Inventors Questions & Answers

answered by Laurence Shaw

Patent, Trade Mark and European Patent Attorney

WHO?

WHERE?

WHAT?

WHY?

WHEN?

HOW?

Editors Note: Inventors Q&A was a hugely popular element of

Inventors World magazine and it's a tradition we want to keep going.  The Q&A answers real questions and resolves problems not only for the benefit of the enquirer but for everyone else too!

 

If you have a burning question go to the bottom of the page for further details on how to submit.

Q I have an idea for a device which seems too simple to be patented.  It consists of nothing more than a wooden stick, although it does have to be a certain shape and it does have a specific purpose.  Can something this simple be patented?

Julyan Ilet, Middlesex.

 

A  The simple answer is that articles of a simple shape can be patented if they pass the test of novelty and Non-obviousness.  There are patents on hockey sticks which are a simple shape of wood and wood substitute, and wall-ties which are just bent metal wire.  Go ahead.

Q  I am thinking of designing and marketing a new style of hat.  Is it possible to protect the design, and if so, what is the best method?

P S Mallinson, Somerset.

 

A  Yes, if by style you mean a new attractive shape then a design registration is what you want.  If you mean a technically more efficient hat, e.g. new ventilation system, better ear flaps for skiers, then you could have a patent too.  Consult your patent attorney after you have written-up a description and done a set of sketches.

Can I copyright an idea for a television or radio programme?  If not, is there any way to protect my position?

M. Shillett, London.

 

A  Your implied thought is that there is no copyright in an idea and that is probably true in law.  However, if you write out the plot, and submit it to a TV or radio company with a copyright notice at the foot - © (Your Name) 2014 – you will have made the recipient aware of your claim to protection.  You could add that a detailed script can only be written by you, or with your collaboration or approval.  Also post a second copy of the write-up to yourself, but do not open the sealed stamped envelope but keep it under lock and key.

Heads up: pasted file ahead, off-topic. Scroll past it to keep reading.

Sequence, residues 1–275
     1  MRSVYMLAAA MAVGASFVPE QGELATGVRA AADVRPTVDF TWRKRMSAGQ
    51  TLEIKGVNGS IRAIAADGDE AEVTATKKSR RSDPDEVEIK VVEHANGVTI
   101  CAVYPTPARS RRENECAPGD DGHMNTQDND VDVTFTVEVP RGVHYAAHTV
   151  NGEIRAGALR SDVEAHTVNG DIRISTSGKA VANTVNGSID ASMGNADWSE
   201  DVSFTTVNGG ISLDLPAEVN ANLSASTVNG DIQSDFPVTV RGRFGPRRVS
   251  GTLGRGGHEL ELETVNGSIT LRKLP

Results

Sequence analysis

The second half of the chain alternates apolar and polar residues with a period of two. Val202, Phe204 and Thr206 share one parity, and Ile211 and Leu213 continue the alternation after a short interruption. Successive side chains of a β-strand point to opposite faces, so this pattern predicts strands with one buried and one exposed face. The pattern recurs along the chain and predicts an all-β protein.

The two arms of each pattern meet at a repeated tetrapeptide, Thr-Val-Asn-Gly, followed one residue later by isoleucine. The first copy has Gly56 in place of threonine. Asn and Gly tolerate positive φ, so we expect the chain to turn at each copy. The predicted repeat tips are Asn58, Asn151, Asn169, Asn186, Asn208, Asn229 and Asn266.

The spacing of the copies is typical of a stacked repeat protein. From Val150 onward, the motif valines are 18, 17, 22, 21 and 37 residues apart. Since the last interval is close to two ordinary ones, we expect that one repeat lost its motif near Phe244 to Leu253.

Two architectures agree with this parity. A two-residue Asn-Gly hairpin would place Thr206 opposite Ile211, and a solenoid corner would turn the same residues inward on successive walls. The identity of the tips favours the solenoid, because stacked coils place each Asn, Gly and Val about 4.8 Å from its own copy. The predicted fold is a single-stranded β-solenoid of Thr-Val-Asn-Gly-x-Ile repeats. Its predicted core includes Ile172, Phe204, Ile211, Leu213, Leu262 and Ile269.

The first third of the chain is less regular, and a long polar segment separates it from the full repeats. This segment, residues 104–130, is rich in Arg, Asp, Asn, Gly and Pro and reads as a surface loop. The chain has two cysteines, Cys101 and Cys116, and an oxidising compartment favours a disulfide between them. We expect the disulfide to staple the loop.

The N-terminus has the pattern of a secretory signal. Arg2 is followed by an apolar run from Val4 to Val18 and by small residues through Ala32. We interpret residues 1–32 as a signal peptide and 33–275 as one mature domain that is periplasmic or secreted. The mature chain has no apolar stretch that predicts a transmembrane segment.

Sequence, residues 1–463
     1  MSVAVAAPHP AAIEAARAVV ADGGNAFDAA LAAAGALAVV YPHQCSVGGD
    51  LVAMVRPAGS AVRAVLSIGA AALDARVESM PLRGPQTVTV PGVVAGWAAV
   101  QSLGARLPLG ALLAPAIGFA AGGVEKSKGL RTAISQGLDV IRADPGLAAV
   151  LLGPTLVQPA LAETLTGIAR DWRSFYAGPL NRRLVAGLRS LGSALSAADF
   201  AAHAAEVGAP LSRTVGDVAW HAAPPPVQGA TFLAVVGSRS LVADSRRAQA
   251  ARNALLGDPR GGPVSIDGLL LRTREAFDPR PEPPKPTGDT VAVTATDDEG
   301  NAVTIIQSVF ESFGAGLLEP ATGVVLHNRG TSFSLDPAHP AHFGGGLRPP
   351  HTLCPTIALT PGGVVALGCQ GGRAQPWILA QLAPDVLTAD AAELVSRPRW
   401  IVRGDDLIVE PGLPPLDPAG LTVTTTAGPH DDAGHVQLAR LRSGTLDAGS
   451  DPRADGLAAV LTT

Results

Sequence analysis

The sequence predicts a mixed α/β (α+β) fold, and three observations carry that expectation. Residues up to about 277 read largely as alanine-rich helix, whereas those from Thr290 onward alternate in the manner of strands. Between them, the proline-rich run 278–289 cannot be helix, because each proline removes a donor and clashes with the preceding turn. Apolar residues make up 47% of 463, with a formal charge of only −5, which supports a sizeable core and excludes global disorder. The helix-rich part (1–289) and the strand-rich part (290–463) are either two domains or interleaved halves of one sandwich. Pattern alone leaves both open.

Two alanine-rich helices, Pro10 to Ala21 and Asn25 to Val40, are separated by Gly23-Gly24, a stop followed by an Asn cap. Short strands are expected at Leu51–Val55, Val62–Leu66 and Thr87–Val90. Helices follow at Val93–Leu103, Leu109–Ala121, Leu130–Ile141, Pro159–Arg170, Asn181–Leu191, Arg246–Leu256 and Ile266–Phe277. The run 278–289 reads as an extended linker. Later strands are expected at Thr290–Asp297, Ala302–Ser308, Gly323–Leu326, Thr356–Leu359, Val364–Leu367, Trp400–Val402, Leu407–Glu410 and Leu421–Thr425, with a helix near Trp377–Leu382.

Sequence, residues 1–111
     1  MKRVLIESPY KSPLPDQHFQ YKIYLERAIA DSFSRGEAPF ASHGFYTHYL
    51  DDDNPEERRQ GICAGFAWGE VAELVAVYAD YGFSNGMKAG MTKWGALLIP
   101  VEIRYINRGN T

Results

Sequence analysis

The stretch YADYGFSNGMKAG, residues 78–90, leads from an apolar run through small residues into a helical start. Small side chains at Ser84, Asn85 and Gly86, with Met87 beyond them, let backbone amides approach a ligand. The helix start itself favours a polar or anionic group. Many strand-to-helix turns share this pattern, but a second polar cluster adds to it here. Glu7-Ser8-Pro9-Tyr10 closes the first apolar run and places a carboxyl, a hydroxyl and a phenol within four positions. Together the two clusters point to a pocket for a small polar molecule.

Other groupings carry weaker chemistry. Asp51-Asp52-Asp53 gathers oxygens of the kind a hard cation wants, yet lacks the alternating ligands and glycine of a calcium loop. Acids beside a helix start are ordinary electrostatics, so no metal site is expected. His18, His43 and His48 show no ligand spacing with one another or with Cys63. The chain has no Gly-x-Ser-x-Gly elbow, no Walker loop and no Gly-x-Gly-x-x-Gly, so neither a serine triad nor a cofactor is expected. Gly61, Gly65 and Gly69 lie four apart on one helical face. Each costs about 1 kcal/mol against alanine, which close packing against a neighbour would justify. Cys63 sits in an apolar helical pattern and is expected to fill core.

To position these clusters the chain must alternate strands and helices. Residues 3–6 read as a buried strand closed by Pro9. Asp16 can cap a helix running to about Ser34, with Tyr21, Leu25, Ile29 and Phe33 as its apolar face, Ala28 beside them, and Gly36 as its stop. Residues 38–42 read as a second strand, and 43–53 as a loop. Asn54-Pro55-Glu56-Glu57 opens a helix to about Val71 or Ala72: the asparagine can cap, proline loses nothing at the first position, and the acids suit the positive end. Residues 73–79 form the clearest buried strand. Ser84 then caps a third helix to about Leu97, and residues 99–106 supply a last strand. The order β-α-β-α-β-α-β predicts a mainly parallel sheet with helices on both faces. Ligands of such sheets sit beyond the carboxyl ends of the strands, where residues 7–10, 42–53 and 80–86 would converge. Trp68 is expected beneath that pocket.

Q  I think I have a good invention and want to create the desire for it.  How do I go about it?

R Heavens, Avon.

 

A  There are 101 ways and you need to try them.  As a first step try to interest a relevant trade magazine to do a write-up, which should stimulate some serious interest.

Someone has just shown me a European patent document.  The alleged invention is laughable, and I would resent anyone having a patent for this old idea.  What should I do?

Michael Townes, Surrey.

 

  You need to check whether the patent is an application (in which case the document will have the suffix A, or is a granted patent (in which case the number will have a suffix B).  If it is still a pending application you can write to the European Patent Office to complain, explaining why you object; if the patent was granted less than nine months ago and has not been opposed you will have to take action in the country where the patent has been registered.  Either step will cost you money and you need to think carefully whether the benefit is worth the cost.

Q  There must be a new energy for the generations to come but, as it cannot be patented, how do you suggest anyone experimenting with a perpetual motion machine protect their interests or find any support?  Would a search be worthwhile?

A Magnus, Lancs.

 

A  I recommend that you lodge a patent application avoiding the provocative phrase “perpetual motion machine” and then discuss the subject with a reputable academic.  If he will endorse your idea his name should be sufficient to persuade a grant awarding agency to help you.  I would not spend money on a search yet because if you are right, and the idea is that revolutionary, there is no point.

Q  I approached a manufacturer who will not sign a confidentiality agreement.  What should I do?

G Barber, Cardiff.

 

A  You are being squeezed.  If this manufacturer is the best one then let him have the information – sometimes a video of the gadget in use is more efficient than sending a copy of the patent text, so you might like to try that.